Painted Paper: A Creative Gift Wrap Idea

Looking for a creative way to wrap a special gift this holiday season? Cover it in something unique, like this patterned hand-printed paper created by artist Elizabeth St. Hilaire. And be sure to save your scraps; Elizabeth shares a bonus holiday card tutorial! This article originally appeared in our November/December 2016 issue of Cloth Paper Scissors magazine.

Hand-painted papers designed by Elizabeth St. Hilaire

Hand-Painted Papers by Elizabeth St. Hilaire

In my work, I highlight the extraordinary within the ordinary, focusing on intense and vibrant colors combined with a solid sense of design. My collage art invites the viewer to look and to linger. My technique has evolved as a result of experimentation with a wide variety of hand-painted, handmade, and textured and patterned papers. Layering and weaving, pushing and pulling the colors, patterns, and values, makes collage akin to music. I go back and forth, alternating and overlapping, until the rhythm creates something I love.

Through experimentation and application, I have perfected techniques for hand painting beautiful papers, with uses that go far beyond ripping and gluing. Hand-painted papers can be used for mobiles, invitations, note cards, gift tags, gift wrap, and more. In this article I show how to use one of my favorite hand-painted paper techniques to create a unique holiday gift presentation.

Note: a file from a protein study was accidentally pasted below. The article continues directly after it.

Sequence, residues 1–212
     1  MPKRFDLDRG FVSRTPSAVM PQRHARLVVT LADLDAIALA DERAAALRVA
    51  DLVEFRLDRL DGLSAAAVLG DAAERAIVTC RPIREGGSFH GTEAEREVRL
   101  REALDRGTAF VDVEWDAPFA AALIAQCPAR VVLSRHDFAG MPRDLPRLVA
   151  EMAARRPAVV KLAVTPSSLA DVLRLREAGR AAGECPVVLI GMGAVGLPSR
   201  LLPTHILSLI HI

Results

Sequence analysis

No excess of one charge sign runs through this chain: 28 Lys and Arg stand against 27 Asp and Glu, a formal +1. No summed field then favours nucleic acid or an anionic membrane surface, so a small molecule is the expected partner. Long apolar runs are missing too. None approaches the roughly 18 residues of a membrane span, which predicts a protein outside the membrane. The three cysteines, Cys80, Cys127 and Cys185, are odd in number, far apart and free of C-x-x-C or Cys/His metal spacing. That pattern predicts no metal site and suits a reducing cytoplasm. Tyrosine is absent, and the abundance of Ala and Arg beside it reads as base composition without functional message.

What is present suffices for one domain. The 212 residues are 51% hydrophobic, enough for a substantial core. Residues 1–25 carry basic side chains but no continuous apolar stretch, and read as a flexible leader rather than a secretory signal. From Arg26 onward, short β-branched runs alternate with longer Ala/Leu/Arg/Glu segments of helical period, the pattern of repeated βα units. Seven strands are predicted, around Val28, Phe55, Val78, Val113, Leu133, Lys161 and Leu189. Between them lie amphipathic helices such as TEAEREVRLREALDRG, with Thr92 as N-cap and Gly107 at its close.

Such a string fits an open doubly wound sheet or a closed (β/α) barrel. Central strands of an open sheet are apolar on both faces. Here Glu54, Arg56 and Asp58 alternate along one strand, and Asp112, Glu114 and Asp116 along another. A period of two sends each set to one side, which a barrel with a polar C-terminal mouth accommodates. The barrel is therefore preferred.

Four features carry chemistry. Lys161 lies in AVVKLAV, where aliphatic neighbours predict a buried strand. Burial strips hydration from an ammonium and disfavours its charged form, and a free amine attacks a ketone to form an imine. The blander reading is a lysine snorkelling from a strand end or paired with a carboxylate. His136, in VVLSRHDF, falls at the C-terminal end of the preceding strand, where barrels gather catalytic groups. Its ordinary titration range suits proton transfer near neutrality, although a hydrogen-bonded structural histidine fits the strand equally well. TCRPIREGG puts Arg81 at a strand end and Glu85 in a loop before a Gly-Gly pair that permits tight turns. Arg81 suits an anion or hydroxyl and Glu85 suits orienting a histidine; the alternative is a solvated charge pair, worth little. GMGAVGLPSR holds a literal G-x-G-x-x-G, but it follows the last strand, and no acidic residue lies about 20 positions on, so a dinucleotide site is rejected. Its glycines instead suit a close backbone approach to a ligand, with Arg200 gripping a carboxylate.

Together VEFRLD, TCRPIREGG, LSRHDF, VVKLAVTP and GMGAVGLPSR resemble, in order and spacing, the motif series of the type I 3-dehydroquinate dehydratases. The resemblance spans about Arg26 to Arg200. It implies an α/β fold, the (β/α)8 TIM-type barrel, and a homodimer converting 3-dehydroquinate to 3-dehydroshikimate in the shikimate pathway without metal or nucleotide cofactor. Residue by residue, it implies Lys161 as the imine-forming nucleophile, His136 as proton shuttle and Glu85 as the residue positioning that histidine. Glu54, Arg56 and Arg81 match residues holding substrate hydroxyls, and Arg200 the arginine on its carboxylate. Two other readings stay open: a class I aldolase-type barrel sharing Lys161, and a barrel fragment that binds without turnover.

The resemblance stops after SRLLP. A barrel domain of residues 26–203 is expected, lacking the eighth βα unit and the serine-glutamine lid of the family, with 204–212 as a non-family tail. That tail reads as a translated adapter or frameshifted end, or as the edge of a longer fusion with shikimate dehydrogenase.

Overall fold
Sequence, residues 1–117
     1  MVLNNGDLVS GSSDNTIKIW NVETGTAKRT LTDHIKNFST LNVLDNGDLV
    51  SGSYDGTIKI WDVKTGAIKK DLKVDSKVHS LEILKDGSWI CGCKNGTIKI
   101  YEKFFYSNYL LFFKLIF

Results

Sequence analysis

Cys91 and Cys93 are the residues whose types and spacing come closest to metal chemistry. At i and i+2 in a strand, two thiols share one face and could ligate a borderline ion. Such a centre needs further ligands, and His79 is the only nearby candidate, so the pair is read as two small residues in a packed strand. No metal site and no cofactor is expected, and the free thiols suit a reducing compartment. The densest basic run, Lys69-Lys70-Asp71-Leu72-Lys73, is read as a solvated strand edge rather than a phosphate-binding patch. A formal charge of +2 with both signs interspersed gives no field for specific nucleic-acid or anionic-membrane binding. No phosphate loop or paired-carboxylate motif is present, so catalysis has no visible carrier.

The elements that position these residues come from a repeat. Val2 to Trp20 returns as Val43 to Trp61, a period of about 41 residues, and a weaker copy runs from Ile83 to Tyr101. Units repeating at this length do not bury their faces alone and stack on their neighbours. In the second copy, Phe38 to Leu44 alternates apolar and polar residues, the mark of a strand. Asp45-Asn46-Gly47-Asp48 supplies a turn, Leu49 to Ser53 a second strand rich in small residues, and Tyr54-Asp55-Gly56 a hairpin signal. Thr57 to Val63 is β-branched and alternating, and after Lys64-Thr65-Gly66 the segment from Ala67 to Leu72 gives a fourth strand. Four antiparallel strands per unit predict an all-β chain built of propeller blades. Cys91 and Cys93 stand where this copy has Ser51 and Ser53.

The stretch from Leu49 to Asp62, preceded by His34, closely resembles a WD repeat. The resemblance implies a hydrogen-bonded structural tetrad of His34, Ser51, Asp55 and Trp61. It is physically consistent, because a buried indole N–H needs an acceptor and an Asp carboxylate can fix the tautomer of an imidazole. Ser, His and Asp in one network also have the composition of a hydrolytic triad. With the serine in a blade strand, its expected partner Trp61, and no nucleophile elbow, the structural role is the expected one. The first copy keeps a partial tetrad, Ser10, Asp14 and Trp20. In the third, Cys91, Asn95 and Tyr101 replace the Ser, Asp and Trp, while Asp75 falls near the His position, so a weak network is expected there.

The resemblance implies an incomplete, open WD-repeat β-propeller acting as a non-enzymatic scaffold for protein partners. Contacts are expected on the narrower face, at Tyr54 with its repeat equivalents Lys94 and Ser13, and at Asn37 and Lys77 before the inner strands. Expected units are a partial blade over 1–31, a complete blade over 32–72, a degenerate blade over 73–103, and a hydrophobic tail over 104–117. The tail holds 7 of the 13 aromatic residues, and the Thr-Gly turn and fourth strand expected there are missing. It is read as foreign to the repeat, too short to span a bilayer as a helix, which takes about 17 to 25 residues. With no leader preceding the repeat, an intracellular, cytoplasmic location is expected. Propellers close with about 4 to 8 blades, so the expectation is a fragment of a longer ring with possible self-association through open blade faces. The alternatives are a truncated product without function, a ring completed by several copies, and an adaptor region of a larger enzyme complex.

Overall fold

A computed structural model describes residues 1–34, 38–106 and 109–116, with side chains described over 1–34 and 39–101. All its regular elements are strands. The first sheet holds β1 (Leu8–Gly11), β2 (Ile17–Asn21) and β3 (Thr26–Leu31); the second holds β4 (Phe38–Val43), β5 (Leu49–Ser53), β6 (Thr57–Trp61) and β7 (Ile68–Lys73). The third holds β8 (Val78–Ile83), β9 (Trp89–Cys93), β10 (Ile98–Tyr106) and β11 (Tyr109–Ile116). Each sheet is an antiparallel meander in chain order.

This colorful gift wrap is sure to be well-received.

Materials

  • Fluid acrylic paint (I used Golden® Artist Colors paints, including metallics.)
    • NOTE: Fluid acrylic paints are translucent, which allows every layer you apply to show through the next, building up depth and richness.
  • Monoprinting plate (I used an 8″ x 10″ Gelli Arts® Gel Printing Plate.)
  • Brayer (I used an Inovart™ foam brayer.)
  • Durable, oversized papers (I used maps and flight altitude charts. Experiment with other large printed papers, such as floor plans, architectural renderings, and blueprints.)
  • Masking tools: stencils, string, leaves, etc. (I used StencilGirl Products stencils.)
  • Gesso, white (I used Golden Artist Colors gesso.)
  • Note card blanks with envelopes (I used Strathmore® brand.)
  • Gel medium, gloss (I used Liquitex® brand.)
  • Paintbrush (I used a Princeton Catalyst™ Silicone brush.)
  • Optional:
    • Apron

1. Apply a few drops of your lightest color fluid acrylic paint directly to the gel plate. Roll the paint with the brayer to cover the entire surface. If your brayer is sliding around the plate, you may have too much paint. You only need a thin layer.

NOTE: When layering paints, you need to go from light to dark. The only exception to this is when using opaque colors, such as metallics, or when adding gesso to the paint.

TIP: Five or six harmonious colors are a good choice for your palette.

2. Press the plate to your paper, starting with solid squares of the lightest two colors in your chosen palette, and cover the whole paper with squares. This is the base layer. (FIGURE 1)

FIGURE 1

3. Add a darker color of paint and some masking tools to the plate, such as stencils and string. (FIGURE 2) Press the paper firmly to the plate with your hands, pushing it into all the open areas of the stencil and in between and around the folds of the string.

FIGURE 2